Exhilarated Spaniards chanting “freedom” danced in streets and partied on beaches as a COVID-19 curfew ended in most of the country, but others feared it was too soon to let go.
In scenes akin to New Year’s Eve celebrations, hundreds of mainly young people gathered in Madrid’s Puerta del Sol square to applaud the clock striking midnight while in Barcelona revellers headed to the beach with drinks in hand.
Some wore masks but there was scant social distancing as friends kissed, hugged, danced and sang.
“Young people, like everyone else, have been very restricted,” said shop worker Paula Garcia, 28, on the beach in Barcelona. “Now was time to give us a bit of freedom to enjoy a little of the summer.”
But in the Basque Country, where regional authorities had asked to keep the curfew but were rebuffed by a court last week, some locals were less excited.
“It’s very bad that there is no state of emergency,” said Asun Lasa, walking along San Sebastian’s seafront on Sunday. “People want to go out but the situation is not ready for that.”
The Basque Country has Spain’s highest infection rate at 448 per 100,000 against a national average of 199.
Social media videos of large groups paying little heed to distancing drew criticism on Sunday. “Freedom does not include breaking the rules,” said Madrid’s conservative mayor Jose Luis Martinez-Almeida, emphasizing that gatherings to drink on the street, known as “botellones”, were prohibited.
One of Europe’s worst-hit nations, Spain has suffered 78,792 coronavirus deaths and 3.6 million cases. But infection rates have fallen and vaccinations are progressing fast, enabling most of the 17 regions to scrap the curfew.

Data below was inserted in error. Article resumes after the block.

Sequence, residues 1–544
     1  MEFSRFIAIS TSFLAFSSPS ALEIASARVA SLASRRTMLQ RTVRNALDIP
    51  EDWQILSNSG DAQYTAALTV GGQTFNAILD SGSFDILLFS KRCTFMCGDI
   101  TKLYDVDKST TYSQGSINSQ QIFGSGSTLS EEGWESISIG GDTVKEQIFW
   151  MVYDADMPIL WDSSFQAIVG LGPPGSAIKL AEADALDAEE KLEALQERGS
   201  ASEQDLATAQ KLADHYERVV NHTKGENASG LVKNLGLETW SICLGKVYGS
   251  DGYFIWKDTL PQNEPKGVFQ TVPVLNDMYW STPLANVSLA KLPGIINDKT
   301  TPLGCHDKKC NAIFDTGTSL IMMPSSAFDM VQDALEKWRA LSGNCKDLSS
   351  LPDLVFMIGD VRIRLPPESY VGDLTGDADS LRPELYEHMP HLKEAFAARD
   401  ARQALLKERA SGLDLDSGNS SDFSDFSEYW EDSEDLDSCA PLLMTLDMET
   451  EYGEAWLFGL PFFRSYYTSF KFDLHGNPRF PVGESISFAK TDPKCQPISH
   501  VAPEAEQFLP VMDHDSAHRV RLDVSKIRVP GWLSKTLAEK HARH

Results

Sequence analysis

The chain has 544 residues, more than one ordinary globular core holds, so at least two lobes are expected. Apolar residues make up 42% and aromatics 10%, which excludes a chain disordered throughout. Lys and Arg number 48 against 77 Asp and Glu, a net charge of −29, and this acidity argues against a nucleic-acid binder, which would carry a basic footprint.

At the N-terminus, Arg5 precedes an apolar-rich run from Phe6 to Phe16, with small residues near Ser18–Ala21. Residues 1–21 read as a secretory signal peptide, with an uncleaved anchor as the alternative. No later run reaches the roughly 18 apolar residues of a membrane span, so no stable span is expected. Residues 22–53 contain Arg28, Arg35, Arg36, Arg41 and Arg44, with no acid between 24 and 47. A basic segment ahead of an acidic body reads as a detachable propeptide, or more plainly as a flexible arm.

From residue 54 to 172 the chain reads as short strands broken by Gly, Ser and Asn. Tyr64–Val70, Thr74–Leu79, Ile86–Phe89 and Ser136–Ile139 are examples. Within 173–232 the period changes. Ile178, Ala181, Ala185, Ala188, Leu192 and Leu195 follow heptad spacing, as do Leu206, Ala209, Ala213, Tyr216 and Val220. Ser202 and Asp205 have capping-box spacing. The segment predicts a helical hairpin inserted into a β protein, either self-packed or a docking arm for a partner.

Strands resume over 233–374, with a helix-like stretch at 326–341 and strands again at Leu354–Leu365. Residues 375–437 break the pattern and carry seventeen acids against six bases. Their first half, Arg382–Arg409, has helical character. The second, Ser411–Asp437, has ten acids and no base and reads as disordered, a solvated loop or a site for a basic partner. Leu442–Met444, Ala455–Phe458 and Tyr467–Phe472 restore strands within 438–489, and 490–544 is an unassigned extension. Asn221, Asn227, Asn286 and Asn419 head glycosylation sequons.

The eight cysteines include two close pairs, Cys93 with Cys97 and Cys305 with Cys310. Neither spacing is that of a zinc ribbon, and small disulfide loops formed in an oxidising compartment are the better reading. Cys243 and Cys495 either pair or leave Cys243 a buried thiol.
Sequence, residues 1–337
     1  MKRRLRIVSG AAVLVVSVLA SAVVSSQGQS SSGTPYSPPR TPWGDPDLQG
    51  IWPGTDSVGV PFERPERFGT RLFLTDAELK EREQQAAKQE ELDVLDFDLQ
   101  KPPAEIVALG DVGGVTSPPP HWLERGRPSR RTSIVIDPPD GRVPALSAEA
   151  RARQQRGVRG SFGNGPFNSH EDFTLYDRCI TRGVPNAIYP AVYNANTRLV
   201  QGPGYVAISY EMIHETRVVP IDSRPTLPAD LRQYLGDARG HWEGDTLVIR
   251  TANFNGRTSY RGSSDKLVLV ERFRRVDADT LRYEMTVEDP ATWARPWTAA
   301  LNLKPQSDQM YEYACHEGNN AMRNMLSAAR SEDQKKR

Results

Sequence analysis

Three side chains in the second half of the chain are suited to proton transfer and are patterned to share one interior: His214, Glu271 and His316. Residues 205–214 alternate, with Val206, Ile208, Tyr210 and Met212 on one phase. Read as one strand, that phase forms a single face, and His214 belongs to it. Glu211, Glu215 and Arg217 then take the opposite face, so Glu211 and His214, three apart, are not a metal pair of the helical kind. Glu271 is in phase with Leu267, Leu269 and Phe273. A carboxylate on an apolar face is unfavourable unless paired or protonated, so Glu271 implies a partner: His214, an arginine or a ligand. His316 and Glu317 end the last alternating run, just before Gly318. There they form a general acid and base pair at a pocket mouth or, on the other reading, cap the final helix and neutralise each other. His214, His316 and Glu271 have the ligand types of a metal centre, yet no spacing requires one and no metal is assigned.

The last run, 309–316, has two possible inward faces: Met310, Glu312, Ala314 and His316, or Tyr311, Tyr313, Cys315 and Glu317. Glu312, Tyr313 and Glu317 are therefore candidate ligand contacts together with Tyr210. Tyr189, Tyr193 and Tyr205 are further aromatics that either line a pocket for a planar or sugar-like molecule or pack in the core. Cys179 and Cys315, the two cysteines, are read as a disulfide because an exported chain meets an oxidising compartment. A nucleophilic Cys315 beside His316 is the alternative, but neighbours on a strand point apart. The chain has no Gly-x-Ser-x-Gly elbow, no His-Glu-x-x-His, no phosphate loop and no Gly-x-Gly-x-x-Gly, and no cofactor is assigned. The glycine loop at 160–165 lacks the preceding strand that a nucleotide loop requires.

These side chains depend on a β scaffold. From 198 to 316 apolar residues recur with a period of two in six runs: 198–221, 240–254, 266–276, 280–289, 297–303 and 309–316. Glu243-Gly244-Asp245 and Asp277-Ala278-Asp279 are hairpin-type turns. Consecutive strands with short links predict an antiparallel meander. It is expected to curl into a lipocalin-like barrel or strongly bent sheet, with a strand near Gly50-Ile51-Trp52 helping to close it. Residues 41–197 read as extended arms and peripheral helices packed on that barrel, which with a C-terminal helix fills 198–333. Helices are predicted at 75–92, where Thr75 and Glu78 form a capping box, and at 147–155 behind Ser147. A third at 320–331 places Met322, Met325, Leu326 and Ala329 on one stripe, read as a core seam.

Only four regions were keeping it: the Balearic Islands, the Canary Islands, Navarra and Valencia.
“It was time they let us out,” said store clerk Andreu Pujol, 25, also on the beach in Barcelona.
“Even so, I am still very unhappy with the handling (of the pandemic). You can see that in this country all they do is make things up as they go along,” .
As impromptu parties sprung up in town centres around the nation, police reminded some revellers that drinking on the street was prohibited.
While the curfew has been lifted, most regions have kept limits on opening hours for bars and restaurants, forcing people onto the streets.
“There is no consistency between the end of the state of emergency and the opening times of shops and bars,” said Mikel Martinez, a barman in San Sebastian.
“It doesn’t make sense that a bar has to close at 10 p.m. while people can be in the street together without any controls.”
Madrid’s right-wing regional president Isabel Diaz Ayuso has won reelection after campaigning on looser measures, but the city has the second highest infection rate in Spain and was still ordering bars and restaurants shut from midnight.
Even so, there was joy at the end of curfew.
“The right to move freely is fundamental,” said Madrid resident Luis Rigo in the Puerta del Sol.
“I’m happy, I’m delighted of course.”